Sustainable Redevelopment of Brownfields: Using Institutional Controls to Protect Public Health

May 1999
ELR 10243
John Pendergrass

Editors' Summary: In this Article, a Senior Attorney at the Environmental Law Institute discusses ways to redevelop brownfields while protecting public health and the environment. His Article explores the various mechanisms for controlling land use to allow for the sustainable development of these contaminated properties. The author begins by examining both government-imposed controls, such as land use planning and zoning, and property law-based controls, such as covenants and easements. Using examples from past experiences with contaminated sites, the author then explores the use and effectiveness of institutional controls to inform the public of health risks, and reviews the use of administrative systems and regulatory systems in maintaining the effectiveness of various institutional controls. He also examines the financing of these systems. The author concludes the Article by offering ideas for new forms of institutional controls.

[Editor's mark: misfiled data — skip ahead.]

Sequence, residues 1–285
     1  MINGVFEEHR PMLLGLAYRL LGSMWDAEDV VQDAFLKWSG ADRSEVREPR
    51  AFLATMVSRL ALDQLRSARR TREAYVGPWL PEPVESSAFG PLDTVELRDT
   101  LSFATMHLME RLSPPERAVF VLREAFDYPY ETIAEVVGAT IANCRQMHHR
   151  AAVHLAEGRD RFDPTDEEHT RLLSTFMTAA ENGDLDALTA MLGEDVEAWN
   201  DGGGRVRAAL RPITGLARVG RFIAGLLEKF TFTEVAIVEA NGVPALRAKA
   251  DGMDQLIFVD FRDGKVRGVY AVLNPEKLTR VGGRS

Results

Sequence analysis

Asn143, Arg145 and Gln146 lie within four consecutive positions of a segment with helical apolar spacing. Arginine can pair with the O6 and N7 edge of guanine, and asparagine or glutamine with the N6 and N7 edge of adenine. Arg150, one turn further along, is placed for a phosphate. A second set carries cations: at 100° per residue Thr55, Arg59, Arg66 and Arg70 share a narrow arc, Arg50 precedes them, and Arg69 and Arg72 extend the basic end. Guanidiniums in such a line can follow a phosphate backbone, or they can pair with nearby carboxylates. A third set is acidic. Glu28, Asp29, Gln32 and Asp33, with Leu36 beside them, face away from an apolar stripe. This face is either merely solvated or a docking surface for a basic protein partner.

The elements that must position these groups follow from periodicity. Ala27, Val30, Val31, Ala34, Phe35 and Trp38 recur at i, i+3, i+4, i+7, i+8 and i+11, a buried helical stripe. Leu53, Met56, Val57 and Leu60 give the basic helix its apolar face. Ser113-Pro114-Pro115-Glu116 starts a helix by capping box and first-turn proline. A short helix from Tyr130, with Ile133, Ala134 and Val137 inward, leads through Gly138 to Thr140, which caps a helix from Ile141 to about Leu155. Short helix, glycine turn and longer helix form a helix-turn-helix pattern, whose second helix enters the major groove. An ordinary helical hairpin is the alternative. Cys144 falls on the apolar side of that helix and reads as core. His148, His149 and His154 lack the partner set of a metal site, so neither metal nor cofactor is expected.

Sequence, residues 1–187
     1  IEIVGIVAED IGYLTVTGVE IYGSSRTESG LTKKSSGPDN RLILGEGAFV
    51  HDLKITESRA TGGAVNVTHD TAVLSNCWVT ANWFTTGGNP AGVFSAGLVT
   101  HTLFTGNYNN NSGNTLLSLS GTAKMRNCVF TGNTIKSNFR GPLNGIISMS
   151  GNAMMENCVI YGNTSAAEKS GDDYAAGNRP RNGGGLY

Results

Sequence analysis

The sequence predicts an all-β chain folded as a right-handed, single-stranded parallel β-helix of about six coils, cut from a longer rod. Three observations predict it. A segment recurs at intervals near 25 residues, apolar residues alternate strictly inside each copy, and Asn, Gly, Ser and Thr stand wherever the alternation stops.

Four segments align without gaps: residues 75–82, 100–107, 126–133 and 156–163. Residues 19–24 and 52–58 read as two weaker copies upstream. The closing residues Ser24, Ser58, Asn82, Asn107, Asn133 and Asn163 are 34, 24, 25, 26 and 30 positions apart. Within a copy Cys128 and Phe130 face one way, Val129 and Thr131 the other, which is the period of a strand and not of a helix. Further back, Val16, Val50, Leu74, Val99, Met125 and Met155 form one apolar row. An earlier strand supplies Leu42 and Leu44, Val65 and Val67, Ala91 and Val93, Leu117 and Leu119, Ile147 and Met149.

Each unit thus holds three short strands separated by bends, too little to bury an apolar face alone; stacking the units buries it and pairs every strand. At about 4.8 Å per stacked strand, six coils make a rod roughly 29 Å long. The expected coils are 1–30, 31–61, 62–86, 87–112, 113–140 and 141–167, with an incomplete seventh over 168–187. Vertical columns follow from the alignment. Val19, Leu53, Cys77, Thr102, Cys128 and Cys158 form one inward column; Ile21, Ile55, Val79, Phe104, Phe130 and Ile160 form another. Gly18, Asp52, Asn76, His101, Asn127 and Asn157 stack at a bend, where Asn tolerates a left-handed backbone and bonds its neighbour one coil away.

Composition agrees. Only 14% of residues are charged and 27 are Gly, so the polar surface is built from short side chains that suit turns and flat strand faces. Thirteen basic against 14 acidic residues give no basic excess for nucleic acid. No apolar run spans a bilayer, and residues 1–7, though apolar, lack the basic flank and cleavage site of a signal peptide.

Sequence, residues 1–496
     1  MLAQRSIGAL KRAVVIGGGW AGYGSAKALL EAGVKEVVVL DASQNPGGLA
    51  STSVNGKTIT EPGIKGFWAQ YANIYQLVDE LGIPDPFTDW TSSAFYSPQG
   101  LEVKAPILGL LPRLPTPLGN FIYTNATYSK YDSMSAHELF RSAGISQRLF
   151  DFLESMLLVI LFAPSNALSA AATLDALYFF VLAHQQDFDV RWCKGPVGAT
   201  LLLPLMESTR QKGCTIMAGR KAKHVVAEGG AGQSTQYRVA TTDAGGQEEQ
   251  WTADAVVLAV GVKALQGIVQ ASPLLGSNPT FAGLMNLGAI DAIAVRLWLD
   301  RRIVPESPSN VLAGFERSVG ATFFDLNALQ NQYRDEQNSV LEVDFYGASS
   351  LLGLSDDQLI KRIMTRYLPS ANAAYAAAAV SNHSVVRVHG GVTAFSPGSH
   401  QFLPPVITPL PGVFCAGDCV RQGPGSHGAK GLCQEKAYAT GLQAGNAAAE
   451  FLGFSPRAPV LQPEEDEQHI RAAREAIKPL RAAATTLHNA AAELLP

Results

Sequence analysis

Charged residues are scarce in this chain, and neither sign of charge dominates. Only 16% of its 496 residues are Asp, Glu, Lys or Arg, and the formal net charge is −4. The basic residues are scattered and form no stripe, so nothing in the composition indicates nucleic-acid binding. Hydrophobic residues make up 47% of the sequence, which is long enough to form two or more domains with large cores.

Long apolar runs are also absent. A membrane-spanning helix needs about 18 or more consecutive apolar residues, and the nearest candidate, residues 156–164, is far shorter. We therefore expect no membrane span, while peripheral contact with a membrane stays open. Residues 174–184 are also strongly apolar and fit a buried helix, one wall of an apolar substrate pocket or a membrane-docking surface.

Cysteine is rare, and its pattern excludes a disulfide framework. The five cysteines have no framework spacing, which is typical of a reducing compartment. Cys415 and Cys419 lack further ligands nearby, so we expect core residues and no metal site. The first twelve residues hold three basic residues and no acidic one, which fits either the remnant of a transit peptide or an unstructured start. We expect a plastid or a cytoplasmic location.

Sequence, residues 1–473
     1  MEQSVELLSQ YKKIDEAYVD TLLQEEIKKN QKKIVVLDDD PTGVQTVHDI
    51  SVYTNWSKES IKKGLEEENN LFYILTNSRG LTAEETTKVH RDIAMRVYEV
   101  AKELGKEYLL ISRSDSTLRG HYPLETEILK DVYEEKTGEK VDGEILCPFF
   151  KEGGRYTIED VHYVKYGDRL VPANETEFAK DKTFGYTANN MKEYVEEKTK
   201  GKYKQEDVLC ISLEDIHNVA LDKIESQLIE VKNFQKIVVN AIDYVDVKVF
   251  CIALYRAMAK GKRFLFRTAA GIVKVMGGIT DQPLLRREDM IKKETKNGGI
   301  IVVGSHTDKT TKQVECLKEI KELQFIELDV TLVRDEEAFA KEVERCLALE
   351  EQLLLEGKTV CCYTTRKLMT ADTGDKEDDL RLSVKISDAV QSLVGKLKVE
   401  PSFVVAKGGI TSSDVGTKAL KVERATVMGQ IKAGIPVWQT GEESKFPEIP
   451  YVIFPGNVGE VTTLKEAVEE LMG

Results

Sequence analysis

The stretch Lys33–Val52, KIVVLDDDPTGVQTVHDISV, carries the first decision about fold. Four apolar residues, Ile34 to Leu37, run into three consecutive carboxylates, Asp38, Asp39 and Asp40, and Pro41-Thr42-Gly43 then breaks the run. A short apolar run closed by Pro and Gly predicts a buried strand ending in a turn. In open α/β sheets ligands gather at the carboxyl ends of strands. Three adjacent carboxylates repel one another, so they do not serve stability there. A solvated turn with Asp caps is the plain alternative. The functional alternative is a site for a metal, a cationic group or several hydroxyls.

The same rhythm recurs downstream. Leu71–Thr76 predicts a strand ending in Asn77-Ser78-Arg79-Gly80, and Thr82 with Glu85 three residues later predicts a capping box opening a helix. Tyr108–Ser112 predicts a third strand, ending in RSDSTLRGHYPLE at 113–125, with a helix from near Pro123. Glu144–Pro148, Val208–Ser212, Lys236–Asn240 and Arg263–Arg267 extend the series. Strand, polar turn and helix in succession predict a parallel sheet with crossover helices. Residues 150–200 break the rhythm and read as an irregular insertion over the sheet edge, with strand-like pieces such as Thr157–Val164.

John Pendergrass is a Senior Attorney at the Environmental Law Institute, where he also is the Director of the Center for State, Local, and Regional Environmental Programs. At ELI ,Mr. Pendergrass has conducted research on a variety of topics including: institutional controls at Department of Engergy, Department of Defense and Superfund sites; state cleanup programs, federal Superfund, the public trust doctrine, the National Environmental Performance Partnership System, the extractive reserve land conservation system in Brazil and enforcement of environmental laws. Mr. Pendergrass has also been a Visiting Associate Professor at Illinois Institute of Technology Chicago-Kent College of Law, in private practice and an attorney in the Solicitor's Office of the Department of the Interior. The author wishes to thank James M. McElfish and Linda Breggin for their extensive and insightful comments on earlier drafts of this Article, and to also thank Elissa Parker, Jael Polnac, and Joel Mangel for their comments, all of which improved the Article. In addition, the author wishes to thank Maura Carney, Larry Ross, Jill Van Berg, Carolyn Fischer, and Jael Polnac for their assistance in the research for the Article. This Article is based in part upon research that was supported by cooperative agreements between the Environmental Law Institute and the U.S. Environmental Protection Agency and the Department of Energy. Views expressed are the author's and do not necessarily reflect the policies or positions of either agency.

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